Healey, an artist and photographer who now lives in New Mexico, said a couple of days after the incident, he remembered contacting friends of his who are private investigators and police officers to inquire about Weinstein. That's when he learned about him being the concert promoter. Healey had no other interactions with Weinstein.
Walsh did not go to the police. She said she told her sister, Tracey Walsh, about Weinstein's actions at the time. The sister confirmed with The Buffalo News that Walsh had told her about the encounters many years ago.
But it wasn't until Wende Walsh brought it up again last week that Tracey Walsh realized who the alleged perpetrator was.
"I didn't put the Harvey and the Weinstein together," Tracey Walsh said. "I remembered Harvey and Corky. It wasn't until she said it and I thought: 'Oh my God. That was Harvey Weinstein.'"
'A jerk with his pants down'
After the two incidents, Walsh said she saw Weinstein around Buffalo but he never interacted with her again. And she put it behind her.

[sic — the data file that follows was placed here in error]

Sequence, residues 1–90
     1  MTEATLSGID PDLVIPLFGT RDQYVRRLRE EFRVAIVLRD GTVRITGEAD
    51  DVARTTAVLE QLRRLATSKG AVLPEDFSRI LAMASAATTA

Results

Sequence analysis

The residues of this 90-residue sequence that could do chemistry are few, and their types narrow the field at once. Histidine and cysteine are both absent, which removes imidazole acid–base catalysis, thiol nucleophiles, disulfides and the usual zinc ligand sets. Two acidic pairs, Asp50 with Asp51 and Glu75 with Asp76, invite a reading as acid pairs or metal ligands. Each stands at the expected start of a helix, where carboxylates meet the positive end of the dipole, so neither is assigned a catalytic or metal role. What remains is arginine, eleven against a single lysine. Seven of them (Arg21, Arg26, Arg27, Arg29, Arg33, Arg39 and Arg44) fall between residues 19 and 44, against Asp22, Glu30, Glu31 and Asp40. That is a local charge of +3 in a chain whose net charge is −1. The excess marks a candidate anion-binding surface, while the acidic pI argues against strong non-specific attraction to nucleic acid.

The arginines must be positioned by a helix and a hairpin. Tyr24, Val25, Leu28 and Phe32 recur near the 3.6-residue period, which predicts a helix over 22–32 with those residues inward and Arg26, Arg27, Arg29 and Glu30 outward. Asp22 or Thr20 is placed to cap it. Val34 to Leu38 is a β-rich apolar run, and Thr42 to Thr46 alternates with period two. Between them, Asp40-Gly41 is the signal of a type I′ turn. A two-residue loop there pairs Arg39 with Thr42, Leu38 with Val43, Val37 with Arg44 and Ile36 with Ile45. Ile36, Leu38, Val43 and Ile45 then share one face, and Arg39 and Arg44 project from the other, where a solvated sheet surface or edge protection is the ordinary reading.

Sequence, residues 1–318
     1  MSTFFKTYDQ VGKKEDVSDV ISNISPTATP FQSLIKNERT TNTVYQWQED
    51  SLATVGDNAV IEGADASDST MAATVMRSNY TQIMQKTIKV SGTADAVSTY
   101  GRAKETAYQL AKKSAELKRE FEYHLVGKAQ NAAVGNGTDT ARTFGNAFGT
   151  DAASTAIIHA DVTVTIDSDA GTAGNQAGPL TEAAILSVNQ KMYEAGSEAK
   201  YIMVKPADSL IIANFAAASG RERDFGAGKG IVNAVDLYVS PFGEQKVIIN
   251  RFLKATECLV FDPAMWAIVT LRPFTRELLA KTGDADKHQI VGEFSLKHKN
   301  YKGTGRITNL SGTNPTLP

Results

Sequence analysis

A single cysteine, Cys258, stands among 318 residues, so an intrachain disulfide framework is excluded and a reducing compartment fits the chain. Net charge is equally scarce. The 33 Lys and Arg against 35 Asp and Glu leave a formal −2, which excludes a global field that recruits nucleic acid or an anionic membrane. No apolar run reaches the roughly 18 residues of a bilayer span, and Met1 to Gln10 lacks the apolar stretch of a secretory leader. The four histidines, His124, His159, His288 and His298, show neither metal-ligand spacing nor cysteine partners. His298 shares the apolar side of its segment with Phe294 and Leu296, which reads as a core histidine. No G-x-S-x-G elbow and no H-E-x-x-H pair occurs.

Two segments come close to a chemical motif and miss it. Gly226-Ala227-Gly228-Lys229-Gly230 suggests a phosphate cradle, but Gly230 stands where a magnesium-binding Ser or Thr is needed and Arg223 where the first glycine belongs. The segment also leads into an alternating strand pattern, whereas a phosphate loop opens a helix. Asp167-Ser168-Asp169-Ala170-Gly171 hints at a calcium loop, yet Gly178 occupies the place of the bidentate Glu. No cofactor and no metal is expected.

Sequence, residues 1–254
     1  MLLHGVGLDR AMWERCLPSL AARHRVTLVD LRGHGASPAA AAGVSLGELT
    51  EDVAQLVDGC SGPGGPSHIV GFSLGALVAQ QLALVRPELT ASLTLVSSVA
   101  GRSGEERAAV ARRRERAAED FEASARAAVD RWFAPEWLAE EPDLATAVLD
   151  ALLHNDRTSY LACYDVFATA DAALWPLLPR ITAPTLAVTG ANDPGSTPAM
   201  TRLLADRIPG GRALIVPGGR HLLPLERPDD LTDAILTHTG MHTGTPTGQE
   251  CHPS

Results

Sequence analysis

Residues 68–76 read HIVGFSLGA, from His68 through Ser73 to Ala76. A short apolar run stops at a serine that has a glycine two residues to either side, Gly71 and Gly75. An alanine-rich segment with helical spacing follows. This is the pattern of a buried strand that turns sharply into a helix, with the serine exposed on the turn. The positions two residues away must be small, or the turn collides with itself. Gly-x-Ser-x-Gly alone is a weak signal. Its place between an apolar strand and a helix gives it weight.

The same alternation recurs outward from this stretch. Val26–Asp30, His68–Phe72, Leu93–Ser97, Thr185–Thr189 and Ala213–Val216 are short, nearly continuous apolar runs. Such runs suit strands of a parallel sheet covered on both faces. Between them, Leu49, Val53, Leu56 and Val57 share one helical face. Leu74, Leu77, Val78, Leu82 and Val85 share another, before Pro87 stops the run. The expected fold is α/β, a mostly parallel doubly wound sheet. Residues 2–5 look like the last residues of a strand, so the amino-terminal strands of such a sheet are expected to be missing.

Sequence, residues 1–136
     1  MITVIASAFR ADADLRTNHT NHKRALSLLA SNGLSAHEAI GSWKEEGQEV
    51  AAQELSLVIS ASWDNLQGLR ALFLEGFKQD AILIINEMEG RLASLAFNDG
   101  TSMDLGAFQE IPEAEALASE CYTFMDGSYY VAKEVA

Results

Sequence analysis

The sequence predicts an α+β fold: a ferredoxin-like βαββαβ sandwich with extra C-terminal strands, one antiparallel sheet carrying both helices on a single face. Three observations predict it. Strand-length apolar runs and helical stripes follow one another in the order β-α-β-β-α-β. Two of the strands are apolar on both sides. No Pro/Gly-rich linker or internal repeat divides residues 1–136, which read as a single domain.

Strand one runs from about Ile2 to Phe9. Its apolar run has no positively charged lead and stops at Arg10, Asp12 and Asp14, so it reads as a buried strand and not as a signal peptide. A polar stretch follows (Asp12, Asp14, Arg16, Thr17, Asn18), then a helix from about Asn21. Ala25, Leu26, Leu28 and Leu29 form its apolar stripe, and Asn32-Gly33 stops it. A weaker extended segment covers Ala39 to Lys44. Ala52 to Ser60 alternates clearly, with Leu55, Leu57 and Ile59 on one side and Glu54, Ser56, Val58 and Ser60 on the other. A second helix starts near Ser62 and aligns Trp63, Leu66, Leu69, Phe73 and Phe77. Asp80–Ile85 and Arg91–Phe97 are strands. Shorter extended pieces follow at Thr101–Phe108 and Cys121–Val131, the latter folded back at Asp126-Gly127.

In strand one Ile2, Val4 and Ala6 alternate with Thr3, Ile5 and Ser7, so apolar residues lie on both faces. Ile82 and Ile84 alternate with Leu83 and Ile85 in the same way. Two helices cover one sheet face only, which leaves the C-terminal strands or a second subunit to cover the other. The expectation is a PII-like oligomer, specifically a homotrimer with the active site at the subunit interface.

Walsh wants people who read her story to understand that what happened was awful, but it didn't destroy her or leave her fearful.
"I've owned a couple of successful businesses and had some great relationships," Walsh said.
She still lives in Buffalo and currently tends bar at the Seneca Niagara Casino and Resort.
"This thing never defined me," she said.
It wasn't until much later that it occurred to Walsh that what she said Weinstein did to her was sexual assault.
"I just wanted it to be over," she remembered thinking at the time.
As a waitress working in a bar in the late '70s and '80s, said Walsh, she often had to deal with uncomfortable situations. Normally, the interactions were in the bars, and if they were getting out of hand, she could go to a bouncer.
"You can't complain about every guy who comes on to you," Walsh said of the attitude back then. "You look like a jerk."
When the first Weinstein accusations surfaced Oct. 5 in The New York Times, Walsh noticed how all of her female friends had a story to tell about being harassed or assaulted.
Walsh is hopeful that all of the publicity around Weinstein, the allegations coming out against other Hollywood celebrities including from men, and the #metoo campaign, will lead to change.
"Everybody is talking about this now," Walsh said. "It isn't just me. It's everybody. You kind of know that. But I think it's kind of phenomenal the way people are coming out."
"People in positions of power need to know they can't do this," she said.
As for Weinstein, she said hopes he's seen for what she believes he is: "A jerk with his pants down."